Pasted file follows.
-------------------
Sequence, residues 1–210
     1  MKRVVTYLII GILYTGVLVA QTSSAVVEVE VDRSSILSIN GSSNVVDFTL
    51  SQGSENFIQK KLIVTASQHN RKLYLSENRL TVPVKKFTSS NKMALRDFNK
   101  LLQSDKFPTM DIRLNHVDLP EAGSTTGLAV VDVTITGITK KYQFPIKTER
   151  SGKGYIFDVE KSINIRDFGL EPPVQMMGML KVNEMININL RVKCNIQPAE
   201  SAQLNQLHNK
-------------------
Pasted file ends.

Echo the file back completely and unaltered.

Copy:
Sequence, residues 1–210
     1  MKRVVTYLII GILYTGVLVA QTSSAVVEVE VDRSSILSIN GSSNVVDFTL
    51  SQGSENFIQK KLIVTASQHN RKLYLSENRL TVPVKKFTSS NKMALRDFNK
   101  LLQSDKFPTM DIRLNHVDLP EAGSTTGLAV VDVTITGITK KYQFPIKTER
   151  SGKGYIFDVE KSINIRDFGL EPPVQMMGML KVNEMININL RVKCNIQPAE
   201  SAQLNQLHNK